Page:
Plant materials are rich in natural phytochemicals such as flavour compounds. They are difficult to separate because of their chemical sequestration, mainly by natural polymers such as pectins, which leads to incomplete solvent extraction [1,9]. Vanilla belongs to the monocots and is rich in pectin substances [10]. The glucovanillin content in green vanilla beans ranged from 10% to 15% (dry weight basis) which could produce between 4.8% and 7.3% vanillin [4]. The natural vanilla beans are flavorless because: (1) glucovanillin is exclusively located in the placentae and papillae while β-glucosidase is concentrated in the cytoplasm of mesocarp and endocarp, so the enzymatic reaction between the glucovanallin substrate and the enzyme cannot happen; (2) it is regulated by cellular compartmentation [11,12]. As a result, different kinds of processing technologies to increase the vanillin production from natural vanilla beans have been investigated. Partial cell destruction by mechanic forces and/or the use of enzymes to make intracellular compounds more readily available for separation and solvent extraction have been studied. The ‘scalding’ and ‘sweating’ stages of vanilla curing initiate the release of vanillin due to cellular decompartmentation as recently reported by Pérez-Silva et al. [6] The cellular compartmentation of the green vanilla beans could be disrupted by freezing and thawing so as to increase the extractability of vanillin as reported by Odoux et al. [12], and by Ansaldi et al. who filed a patent [13]. Some other investigators have studied the treatment of cured beans using exogenous pectinase and β-glycosidase to increase the vanillin yield [1,14]. Other researchers have investigated the effects of exogenous cellulase, pectinase, β-glycosidase and an enzyme extracted from tea leaf on the vanillin yield and vanilla flavor using green vanilla beans as raw material [2,3,5,9,15]. In addition, cellular disruption by mechanical means and freezing together with added pectinase, cellulase, and β-glusosidase increased the vanillin yield from the green vanilla beans as reported by Perera and Owen [4]. By contrast, the traditional extraction methods for vanillin are commonly associated with longer extraction times, higher temperatures and more organic solvent consumption, despite their lower extraction efficiency. In recent years, enzyme-assisted extraction has undoubtedly emerged as a new technology applied in many kinds of processing in the food industry since it has many advantages, such as faster extraction, higher recovery, reduced solvent usage, simplified processing and lower energy consumption when compared to the non-enzymatic methods. Thus, enzyme-assisted extraction has been considered an effective, feasible and practical technique for the extraction of vanillin. Immobilization shows many advantages for enzymes such as enhancing enzyme activity, stability, resistance to inhibition, selectivity towards non-natural substrates and so on [16,17]. Enzyme immobilization technology could be one way to further improve the process of enzyme reaction. However, to the best of our knowledge, none of the reported investigations involve the use of pectinase-assisted extraction combined with pre-freezing and thawing to produce vanillin from vanilla beans. Furthermore, compared with many other studies of the enzyme-assisted extraction in other applications, little effort has been devoted to optimizing the production of vanillin from green vanilla beans with this method.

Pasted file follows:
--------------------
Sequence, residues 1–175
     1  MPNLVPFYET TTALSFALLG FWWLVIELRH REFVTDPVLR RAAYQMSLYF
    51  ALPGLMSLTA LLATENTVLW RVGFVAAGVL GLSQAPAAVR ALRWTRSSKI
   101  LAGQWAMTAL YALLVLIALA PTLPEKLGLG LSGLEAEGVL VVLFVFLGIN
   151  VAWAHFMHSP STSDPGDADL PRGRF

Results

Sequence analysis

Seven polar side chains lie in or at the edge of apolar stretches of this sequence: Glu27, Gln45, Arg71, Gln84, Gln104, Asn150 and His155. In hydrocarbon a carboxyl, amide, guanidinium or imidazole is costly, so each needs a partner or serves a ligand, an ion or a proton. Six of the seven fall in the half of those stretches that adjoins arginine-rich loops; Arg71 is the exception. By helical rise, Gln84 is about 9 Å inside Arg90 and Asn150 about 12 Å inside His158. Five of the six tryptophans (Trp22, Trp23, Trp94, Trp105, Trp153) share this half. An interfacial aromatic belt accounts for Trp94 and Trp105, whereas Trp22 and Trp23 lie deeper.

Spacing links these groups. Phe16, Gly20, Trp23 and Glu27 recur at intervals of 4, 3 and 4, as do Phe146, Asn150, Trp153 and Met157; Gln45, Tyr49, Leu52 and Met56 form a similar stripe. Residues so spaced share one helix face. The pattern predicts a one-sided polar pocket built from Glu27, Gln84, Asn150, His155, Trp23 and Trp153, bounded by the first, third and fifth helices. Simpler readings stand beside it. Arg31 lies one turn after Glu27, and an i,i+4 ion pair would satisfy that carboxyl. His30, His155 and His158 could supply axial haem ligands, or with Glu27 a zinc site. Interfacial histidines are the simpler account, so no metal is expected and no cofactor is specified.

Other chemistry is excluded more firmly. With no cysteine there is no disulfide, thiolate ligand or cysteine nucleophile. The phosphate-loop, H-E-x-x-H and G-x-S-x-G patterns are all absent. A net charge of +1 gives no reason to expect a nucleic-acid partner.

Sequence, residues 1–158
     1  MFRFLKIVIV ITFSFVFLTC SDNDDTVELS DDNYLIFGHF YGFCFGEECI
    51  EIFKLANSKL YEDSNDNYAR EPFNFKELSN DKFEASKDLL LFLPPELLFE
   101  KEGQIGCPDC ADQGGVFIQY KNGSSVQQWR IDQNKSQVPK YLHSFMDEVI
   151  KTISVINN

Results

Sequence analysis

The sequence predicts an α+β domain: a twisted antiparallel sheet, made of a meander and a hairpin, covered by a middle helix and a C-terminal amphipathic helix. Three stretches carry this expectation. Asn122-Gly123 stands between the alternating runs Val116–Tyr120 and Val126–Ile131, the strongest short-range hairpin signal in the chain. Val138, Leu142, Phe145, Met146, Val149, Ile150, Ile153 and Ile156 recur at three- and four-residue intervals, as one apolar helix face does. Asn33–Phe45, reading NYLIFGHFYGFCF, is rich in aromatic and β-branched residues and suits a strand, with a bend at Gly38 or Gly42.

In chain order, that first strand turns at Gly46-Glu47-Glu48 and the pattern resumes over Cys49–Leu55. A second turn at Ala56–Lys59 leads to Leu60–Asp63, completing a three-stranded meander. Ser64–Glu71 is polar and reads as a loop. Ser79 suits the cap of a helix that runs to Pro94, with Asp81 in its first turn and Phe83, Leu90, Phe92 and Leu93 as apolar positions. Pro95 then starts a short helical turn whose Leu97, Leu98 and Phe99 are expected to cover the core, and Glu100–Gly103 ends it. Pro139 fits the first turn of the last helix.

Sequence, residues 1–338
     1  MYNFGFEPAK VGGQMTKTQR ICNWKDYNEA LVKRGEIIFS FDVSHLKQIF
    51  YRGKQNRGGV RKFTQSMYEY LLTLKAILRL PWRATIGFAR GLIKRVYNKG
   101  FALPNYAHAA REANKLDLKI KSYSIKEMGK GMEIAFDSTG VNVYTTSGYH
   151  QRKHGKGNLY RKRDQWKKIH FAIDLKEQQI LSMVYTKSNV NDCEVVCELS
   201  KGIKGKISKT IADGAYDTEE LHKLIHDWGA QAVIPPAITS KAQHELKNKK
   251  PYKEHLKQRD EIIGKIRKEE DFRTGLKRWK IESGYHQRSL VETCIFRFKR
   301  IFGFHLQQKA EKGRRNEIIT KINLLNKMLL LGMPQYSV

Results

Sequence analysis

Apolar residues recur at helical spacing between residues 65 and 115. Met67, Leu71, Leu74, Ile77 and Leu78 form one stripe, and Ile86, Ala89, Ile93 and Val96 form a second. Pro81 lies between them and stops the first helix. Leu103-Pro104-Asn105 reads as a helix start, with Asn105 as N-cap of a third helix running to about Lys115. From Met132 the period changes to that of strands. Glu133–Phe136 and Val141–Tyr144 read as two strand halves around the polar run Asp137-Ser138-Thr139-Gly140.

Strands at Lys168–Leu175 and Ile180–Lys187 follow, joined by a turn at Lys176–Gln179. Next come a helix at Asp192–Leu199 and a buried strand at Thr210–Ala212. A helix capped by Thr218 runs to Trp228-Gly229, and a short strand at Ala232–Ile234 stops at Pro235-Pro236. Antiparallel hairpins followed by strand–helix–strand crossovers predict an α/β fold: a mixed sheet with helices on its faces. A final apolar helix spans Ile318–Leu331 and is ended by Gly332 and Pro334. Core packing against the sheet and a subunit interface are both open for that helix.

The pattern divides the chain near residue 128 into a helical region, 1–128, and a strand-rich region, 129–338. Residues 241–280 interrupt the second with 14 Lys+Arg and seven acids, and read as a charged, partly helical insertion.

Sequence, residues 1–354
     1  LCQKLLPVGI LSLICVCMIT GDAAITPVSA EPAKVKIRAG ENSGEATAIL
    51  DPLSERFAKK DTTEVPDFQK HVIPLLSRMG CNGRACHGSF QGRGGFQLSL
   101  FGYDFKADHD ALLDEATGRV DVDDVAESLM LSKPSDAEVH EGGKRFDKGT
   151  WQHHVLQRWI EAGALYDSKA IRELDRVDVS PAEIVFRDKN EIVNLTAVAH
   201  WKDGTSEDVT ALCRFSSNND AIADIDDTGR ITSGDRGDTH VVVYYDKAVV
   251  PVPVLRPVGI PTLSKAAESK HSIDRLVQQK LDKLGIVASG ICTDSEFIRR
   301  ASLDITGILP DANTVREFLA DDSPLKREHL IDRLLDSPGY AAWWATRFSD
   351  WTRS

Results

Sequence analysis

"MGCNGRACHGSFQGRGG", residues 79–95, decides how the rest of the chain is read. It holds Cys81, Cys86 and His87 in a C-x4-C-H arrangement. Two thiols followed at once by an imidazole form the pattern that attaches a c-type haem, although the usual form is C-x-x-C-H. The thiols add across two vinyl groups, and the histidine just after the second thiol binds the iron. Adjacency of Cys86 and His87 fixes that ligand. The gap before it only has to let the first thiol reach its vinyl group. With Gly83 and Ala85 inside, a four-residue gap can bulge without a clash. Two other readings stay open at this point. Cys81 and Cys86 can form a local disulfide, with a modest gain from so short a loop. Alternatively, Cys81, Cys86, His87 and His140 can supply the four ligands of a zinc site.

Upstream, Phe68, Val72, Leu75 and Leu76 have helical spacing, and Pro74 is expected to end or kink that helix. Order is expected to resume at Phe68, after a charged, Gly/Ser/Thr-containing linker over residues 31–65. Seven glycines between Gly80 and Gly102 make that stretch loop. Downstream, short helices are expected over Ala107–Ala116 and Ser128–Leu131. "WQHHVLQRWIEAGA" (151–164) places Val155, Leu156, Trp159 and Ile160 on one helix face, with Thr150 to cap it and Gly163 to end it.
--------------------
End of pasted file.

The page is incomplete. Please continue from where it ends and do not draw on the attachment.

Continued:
Response surface methodology (RSM) is a powerful and efficient mathematical approach that enables evaluation of several process parameters such as time, temperature, enzyme type and concentration [18,19,20,21]. It can determine parameters’ interactions, the best optimal condition of the process, and the effect of factors on characteristic properties [19,21,22]. In addition, it is less laborious and can provide more information of the variables than other approaches. RSM has been found to be successful and economical during optimization of various industrial extraction processes [18,23].